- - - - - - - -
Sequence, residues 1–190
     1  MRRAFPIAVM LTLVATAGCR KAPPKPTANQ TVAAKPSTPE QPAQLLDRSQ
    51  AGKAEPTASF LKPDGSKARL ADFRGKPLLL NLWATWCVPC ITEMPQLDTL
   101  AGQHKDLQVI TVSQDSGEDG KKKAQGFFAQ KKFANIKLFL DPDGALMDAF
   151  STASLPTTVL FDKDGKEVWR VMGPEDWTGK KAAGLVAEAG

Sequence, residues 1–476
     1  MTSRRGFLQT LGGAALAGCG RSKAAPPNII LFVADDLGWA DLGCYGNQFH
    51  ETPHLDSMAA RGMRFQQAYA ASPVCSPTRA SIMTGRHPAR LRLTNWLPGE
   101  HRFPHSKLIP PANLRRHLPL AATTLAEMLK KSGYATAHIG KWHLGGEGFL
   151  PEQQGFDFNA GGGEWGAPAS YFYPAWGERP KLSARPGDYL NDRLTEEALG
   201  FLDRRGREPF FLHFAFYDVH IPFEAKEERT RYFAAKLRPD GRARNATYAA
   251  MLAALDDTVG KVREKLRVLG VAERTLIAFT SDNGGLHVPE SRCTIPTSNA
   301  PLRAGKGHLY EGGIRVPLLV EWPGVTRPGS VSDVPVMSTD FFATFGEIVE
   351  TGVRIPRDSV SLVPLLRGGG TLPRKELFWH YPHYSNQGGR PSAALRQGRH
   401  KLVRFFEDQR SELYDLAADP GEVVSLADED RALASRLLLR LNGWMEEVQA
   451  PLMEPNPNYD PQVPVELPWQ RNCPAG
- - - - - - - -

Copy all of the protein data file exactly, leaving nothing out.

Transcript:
Sequence, residues 1–190
     1  MRRAFPIAVM LTLVATAGCR KAPPKPTANQ TVAAKPSTPE QPAQLLDRSQ
    51  AGKAEPTASF LKPDGSKARL ADFRGKPLLL NLWATWCVPC ITEMPQLDTL
   101  AGQHKDLQVI TVSQDSGEDG KKKAQGFFAQ KKFANIKLFL DPDGALMDAF
   151  STASLPTTVL FDKDGKEVWR VMGPEDWTGK KAAGLVAEAG

Sequence, residues 1–476
     1  MTSRRGFLQT LGGAALAGCG RSKAAPPNII LFVADDLGWA DLGCYGNQFH
    51  ETPHLDSMAA RGMRFQQAYA ASPVCSPTRA SIMTGRHPAR LRLTNWLPGE
   101  HRFPHSKLIP PANLRRHLPL AATTLAEMLK KSGYATAHIG KWHLGGEGFL
   151  PEQQGFDFNA GGGEWGAPAS YFYPAWGERP KLSARPGDYL NDRLTEEALG
   201  FLDRRGREPF FLHFAFYDVH IPFEAKEERT RYFAAKLRPD GRARNATYAA
   251  MLAALDDTVG KVREKLRVLG VAERTLIAFT SDNGGLHVPE SRCTIPTSNA
   301  PLRAGKGHLY EGGIRVPLLV EWPGVTRPGS VSDVPVMSTD FFATFGEIVE
   351  TGVRIPRDSV SLVPLLRGGG TLPRKELFWH YPHYSNQGGR PSAALRQGRH
   401  KLVRFFEDQR SELYDLAADP GEVVSLADED RALASRLLLR LNGWMEEVQA
   451  PLMEPNPNYD PQVPVELPWQ RNCPAG